Translator Disclaimer
1 September 2013 Structure of phytobezoars found in the stomach of a crested porcupine, Hystrix cristata L., 1758
Emiliano Mori, Andrea Sforzi
Author Affiliations +

In this note we describe for the first time the inner structure of bezoars found in the stomach of a free-living crested porcupine. These foreign bodies were composed by three concentric layers made up of vegetal matter. The presence of nettle trichomes in the central core, probably due to an accidental ingestion, may have determined the development of these foreign bodies.

Bezoars are foreign bodies found into the digestive tract of mammal species, made up by hairs (trichobezoars) or indigestible plant matter (phytobezoars). They are variable in size and very compact, with a hard surface. The inner structure is made up of heavily compressed thick fibers intertwined with each other (Sciumè et al. 2004). Phytobezoars are mainly composed by poorly digested fruit and vegetable skins (persimmon, grape, fig, plum, cherry, orange and potato; Holloway et al. 1980). Phytobezoars have been found also in the digestive trait of man (Sciumè et al. 2004, Teng et al. 2005). Phytobezoars were detected both in domestic species, such as sheep and goat (Bath et al. 1992), cow (Martins et al. 2004), buffalo (Veeraiah et al. 2008) and horse (Kellam et al. 2000) and wild species like muntjak, Muntiacus muntjak (Sharma & Chauhan 1997), spotted deer, Axis axis (Kumar et al. 2000) and Alpine chamois, Rupicapra rupicapra (S. Lovari pers. comm.). For medium-sized mammals, as domestic carnivores (cat: Barrs et al. 1999) as well as herbivores (rabbit: Wakamatsu et al. 2001, Guinea pig: Künze & Hitmar 2002), only trichobezoars were recorded. The occurrence of bezoars in a wide range of species with different ecology and digestive system anatomy makes it difficult to clearly interpret their role and their mechanism of formation. The function of bezoars, if any, is still unknown. Some authors hypothesed a connection between their presence and a pathogenetic status of the host (Sciumè et al. 2004). In his “Histoire Naturelle des Quadrupèdes”, Georges-Louis Leclerc de Buffon (1799) mentioned the presence of bezoars in crested porcupine, without speculating about the structure and the possible functions.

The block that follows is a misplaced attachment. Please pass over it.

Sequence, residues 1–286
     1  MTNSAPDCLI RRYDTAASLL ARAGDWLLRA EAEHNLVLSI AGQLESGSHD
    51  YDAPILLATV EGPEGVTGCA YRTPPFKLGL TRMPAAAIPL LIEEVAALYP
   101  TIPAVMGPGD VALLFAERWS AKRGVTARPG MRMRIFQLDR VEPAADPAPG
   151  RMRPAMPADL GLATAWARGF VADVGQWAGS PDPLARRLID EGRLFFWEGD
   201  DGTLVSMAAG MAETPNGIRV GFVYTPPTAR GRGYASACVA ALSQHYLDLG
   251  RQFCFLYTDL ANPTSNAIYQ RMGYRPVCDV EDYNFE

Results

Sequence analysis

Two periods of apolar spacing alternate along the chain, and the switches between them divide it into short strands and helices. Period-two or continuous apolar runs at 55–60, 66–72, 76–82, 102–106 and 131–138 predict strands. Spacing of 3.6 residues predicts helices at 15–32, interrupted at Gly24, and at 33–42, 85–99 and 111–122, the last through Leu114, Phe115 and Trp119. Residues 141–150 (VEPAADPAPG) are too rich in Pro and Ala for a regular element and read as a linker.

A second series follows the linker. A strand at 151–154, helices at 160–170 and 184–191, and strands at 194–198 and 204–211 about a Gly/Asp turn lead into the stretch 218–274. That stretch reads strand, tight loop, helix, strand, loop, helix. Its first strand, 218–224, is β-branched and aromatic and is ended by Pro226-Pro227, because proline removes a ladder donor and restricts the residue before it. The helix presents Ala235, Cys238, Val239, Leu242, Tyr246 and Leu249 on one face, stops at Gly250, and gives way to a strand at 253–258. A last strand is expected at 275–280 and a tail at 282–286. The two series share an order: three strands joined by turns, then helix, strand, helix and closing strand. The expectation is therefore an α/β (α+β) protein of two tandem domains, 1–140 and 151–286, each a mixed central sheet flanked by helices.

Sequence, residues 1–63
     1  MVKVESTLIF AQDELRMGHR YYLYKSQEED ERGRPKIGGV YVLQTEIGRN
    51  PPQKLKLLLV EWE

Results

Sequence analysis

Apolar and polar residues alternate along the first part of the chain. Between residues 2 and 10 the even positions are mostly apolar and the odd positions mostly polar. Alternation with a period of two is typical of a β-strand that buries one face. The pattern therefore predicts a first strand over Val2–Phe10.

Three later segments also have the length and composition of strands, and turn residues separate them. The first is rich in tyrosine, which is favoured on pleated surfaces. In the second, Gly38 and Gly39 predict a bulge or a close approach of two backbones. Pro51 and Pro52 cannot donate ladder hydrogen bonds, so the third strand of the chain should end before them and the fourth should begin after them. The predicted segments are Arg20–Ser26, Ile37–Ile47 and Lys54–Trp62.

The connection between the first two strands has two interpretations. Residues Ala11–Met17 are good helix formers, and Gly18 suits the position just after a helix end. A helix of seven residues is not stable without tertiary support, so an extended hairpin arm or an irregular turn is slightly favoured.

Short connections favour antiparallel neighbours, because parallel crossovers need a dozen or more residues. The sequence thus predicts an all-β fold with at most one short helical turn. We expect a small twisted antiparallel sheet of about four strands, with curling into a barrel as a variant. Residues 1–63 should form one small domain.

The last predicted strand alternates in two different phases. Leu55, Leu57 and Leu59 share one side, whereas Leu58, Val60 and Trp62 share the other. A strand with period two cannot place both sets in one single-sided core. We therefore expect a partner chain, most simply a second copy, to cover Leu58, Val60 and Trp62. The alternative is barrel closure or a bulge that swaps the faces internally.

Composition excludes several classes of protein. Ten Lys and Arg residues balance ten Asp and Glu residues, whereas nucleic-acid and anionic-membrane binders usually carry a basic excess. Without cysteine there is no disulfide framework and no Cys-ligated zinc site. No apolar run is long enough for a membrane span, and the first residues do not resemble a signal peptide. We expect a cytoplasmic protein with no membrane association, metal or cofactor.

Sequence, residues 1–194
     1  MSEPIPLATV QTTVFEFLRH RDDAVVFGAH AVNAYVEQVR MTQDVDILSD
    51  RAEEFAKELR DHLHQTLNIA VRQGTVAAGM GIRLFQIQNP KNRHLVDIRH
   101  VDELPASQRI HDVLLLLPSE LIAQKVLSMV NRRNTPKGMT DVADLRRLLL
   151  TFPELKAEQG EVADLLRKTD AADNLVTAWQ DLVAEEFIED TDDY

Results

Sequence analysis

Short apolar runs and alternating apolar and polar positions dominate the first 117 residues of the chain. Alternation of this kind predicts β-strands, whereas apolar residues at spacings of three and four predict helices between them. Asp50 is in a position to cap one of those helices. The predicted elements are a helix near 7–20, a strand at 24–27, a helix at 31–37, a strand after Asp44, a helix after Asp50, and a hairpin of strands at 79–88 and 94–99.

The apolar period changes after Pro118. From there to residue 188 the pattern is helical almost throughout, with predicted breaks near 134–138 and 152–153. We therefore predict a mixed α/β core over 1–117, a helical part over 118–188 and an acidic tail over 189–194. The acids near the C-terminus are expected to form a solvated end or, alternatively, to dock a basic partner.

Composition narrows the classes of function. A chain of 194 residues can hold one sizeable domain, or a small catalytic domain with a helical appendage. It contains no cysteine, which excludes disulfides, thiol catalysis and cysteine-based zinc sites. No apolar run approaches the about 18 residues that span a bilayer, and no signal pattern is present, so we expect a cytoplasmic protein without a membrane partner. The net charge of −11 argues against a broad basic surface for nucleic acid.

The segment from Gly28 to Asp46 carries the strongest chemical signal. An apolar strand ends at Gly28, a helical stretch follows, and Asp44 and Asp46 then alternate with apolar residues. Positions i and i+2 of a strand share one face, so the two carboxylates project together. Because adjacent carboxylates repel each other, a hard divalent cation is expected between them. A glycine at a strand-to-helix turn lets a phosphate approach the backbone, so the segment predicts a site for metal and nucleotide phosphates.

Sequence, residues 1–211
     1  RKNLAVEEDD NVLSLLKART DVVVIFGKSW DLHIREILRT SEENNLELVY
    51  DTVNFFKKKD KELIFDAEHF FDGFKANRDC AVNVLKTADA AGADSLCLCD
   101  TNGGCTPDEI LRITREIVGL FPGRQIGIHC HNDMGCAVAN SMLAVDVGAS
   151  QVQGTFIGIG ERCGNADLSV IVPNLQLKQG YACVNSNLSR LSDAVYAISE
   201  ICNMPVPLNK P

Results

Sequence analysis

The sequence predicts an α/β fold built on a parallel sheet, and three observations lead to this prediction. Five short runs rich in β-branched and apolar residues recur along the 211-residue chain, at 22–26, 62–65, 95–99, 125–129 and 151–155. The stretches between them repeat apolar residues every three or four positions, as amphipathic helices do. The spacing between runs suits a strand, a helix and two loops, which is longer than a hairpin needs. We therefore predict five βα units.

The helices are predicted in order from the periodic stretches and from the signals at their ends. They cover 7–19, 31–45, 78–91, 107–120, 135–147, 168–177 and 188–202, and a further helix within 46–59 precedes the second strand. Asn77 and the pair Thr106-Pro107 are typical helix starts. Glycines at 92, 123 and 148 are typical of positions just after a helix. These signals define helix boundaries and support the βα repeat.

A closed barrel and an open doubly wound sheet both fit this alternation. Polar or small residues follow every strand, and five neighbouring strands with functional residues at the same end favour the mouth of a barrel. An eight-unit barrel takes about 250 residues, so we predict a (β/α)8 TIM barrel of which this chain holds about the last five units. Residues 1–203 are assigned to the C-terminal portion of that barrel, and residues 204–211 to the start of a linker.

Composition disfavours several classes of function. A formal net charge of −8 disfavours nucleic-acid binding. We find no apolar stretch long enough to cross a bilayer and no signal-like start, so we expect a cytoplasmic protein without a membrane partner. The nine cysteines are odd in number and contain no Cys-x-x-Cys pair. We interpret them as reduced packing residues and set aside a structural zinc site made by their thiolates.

Fig. 1.

Phytobezoars found in the stomach of a female adult crested porcupine (photo IZS).